together, constitute what is probably!
one of the most advanced programs
adopted by any school or college of
the University campus in recent years.
It means that students will have ad-
vanced from thein, old basis of me-
coanical absorbers for academic!
knowledge to professional associates
of the men whose experience and7
knowledge entitles them to teach. Itf
means that the personnel of the Medi-I
cal School student body will be of a.
high character individually, and it
means that medical graduates of the1
future may approach very closely the
ideal of professional training which;

in the hearts of Michigan men for speaker at Cap Night. Jpdge Willie
generations, and it deserves a better Heston, who is said to be as good
fate than that accorded it last year. a judge (of liquor or what have you)
The revival of the event, in its full as he was a football player is the

* * V*
Palmer Christian, University organ-
ist, who has been little heard from
this season, due to the absence of the

significance, by the present Student!


AC -irr

.# 3' '


council is an act worithy of only the * * * Twilight Organ Recitals, left yester-
the highest commendation. IN SO FAR as the Judge is a Yost day to fulfill concert engagements in
product he will probably tell us that New York, Washington, and Prince-
The movement to force Congress to determination is what counts, there ton. Mr. Christian, by the way, pro-
do something worthwhile is danger- was once a boy who was too light mises several Wednesday afternoon
ous. Valuable intellects such as those to make the team but-, ah, no, this Organ recitals after the dedication of
there should not be wasted on the isn't Yost speaking. the new Skinner organ at the May
mere good of the public. F * A Festival.
When things come to such a pass, THE COUNCIL ALSO made plans ARISTOCRATS
something ought to be done about for the coming spring elections when 'Wintersimoon," a novel by Hugh
it. the students give national politicians Walpole; New York: Doubleday.Dor.
a few lessons in trading votes. an and company; $2.50.
In Hugh Walpole the field of letters
EDITORIAL COMMENT . USUALLY THERE IS just a little has at last found a great humanitar-
lessUALLY THERE IS jt ay litt Ian who can be sympathetic without
lespolitics played than in any fourben ntm ta.FryrsM.W-
TRADITIONS average presidential elections. Of being sentimental. For years Mr. Wal-
(Minnesota Daily) course there may be some students ple has taught us that spiritual lone-
Alumni of many of the older East- grow up and it is the pupose of the ss is one of life's tragedies. This
ern collges are aclessond tispthe keynote of his "W inters-
en colleges are accustomed to point who plan to be politicians when they i moon." "Wintersmoon," much like the
with pride at the "fine old traditions" University to fit us for the future. moon." of Dersmoch, u the
of their alma maters. While some of "Jalna" of De La Roche, is the temple
these traditions are of undoubted val- of generations of Family itadition.
ue, a large part of them are genuine .TThis pajticular family tradition is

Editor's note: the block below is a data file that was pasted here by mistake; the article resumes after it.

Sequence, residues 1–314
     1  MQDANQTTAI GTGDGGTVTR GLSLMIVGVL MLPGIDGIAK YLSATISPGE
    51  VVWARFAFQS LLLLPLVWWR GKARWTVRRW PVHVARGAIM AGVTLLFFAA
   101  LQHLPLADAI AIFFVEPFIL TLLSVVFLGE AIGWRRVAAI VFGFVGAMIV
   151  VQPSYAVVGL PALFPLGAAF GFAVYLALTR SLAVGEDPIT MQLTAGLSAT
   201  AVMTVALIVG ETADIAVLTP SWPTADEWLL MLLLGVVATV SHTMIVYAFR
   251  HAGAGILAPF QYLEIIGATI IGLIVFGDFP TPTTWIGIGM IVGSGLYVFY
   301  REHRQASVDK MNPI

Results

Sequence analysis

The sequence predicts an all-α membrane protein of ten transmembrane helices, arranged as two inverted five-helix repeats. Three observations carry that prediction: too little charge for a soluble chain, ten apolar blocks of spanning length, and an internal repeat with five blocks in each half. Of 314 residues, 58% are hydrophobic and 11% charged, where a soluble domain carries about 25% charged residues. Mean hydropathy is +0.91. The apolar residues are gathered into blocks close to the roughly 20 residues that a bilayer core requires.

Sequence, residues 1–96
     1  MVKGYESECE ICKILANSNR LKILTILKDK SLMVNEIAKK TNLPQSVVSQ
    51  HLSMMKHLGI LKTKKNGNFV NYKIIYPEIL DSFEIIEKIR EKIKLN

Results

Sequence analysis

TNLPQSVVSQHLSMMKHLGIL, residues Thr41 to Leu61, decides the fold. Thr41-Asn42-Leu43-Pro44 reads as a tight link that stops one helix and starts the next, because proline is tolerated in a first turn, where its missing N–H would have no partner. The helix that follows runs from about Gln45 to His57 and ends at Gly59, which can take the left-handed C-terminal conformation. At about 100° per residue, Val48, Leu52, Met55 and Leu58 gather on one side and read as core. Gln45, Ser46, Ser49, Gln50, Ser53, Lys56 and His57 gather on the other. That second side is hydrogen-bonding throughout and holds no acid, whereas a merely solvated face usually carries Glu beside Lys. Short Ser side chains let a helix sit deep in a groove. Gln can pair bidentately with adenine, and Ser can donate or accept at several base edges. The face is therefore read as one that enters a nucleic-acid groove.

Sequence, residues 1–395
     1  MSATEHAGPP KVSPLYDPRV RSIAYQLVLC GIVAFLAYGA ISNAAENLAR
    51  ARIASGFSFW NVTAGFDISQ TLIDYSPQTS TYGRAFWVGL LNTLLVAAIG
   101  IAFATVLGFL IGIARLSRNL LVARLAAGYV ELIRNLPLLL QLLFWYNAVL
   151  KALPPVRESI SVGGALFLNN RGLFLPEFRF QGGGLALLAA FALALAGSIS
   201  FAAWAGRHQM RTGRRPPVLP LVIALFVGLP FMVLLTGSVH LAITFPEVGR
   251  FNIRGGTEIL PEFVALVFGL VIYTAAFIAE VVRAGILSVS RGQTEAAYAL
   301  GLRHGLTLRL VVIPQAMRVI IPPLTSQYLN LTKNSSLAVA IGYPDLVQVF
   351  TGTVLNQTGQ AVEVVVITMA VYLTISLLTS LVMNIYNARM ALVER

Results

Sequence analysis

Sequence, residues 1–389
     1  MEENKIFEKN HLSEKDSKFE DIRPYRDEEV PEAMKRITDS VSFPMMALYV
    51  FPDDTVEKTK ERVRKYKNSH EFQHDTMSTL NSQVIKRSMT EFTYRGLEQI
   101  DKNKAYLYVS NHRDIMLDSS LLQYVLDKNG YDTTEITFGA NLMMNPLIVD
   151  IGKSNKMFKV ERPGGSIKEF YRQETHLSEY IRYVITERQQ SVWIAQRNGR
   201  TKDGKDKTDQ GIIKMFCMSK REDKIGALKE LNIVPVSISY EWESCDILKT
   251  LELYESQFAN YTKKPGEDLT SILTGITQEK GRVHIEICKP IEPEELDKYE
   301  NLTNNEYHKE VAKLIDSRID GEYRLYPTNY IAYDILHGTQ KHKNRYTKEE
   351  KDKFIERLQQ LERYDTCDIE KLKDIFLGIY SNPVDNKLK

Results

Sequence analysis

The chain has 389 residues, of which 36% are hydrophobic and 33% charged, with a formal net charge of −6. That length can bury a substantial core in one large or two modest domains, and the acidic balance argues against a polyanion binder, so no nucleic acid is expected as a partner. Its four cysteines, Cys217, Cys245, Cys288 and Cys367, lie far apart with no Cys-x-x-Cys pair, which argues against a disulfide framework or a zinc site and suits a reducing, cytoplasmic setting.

MICHIGAN IS GOING to be repre- Ifortunate in being
absurdities. For instance, at one gtented at the first collegiate flying t i tr o h fthe sub-
well-known New England university, mett e eda Mth! fed n stantial thread of the tapestry of
wellknon Ne Enlan unierstymeet to be held at Mitchell field. One English political and social life.
only seniors may smoke pipes on the of the prizes is going to be given to Wildherne Pool, youngest lord of
campus; students in the other classes the University students who manages 'Wiern net rd
must, confine themselves to cigars,hWintersmoon, married Janet Grandi-
to, get a flying machine off the ground.
cigarettes. and chewing tobacco. Other thson simply to obtain an heir to the
customs, not so absurd, such as a Pool estates. The contract was made
standad way of dressing, speaking, THE OTHER PRIZES will be on a basis of, friendship and state
and behaving, tend to make all the awarded to the schools which have that Rosaliid, the sister of Janet, was
students as much alike as possible, to the best looking machines or outfits-I to be comfortably provided for. In
subordinate the individual to the Charles Lindbergh, one-time resident return Janet would carry on the race
group. of Ann Arbor, also know for other and decortum of "Wintersmoon." All
Treasons, is goin gto be a judge. We might have been well had not Janet
regarded as symbolical of the stereo- hope he remains loyal to his home , fallen in love with her husband short-
typing process to which many insti- town. ly after her marriage. To complicate
tutions subject their students. The matters the author has Rosalind de-
system is often defended on the . SIIHHHHI? A SECRET sert the love stricken Janet, thereby
ground that it instills a unity of feel- WE SEE THAT the basement of proving herself the bad sister and an
ing into the student body and makes the Union reevals secrets never be- example of the loose younger genera-
it an easy matter to spot a person fore known to the student body. Ah, Lion.
as an alumnus of such and such a that's where the faculty gets it. But after an unusually long period

" "

like -ob dy9 business,
I KNOW what I like in a pipe, and what I like
is good old Prince Albert. Fragrant as can be.
Cool and mild and long-burning, right to the
bottom of the bowl. Welcome as the week-end
reprieve. Welcome ... and satisfying!
No matter how often I load up and light up,
I never tire of good old P. A. Always friendly.
Always companionable. P. A. suits my taste.
I'll say it does. Take mytip, Fellows, and load
up from a tidy red tin.
1% ~ A uu0u u'O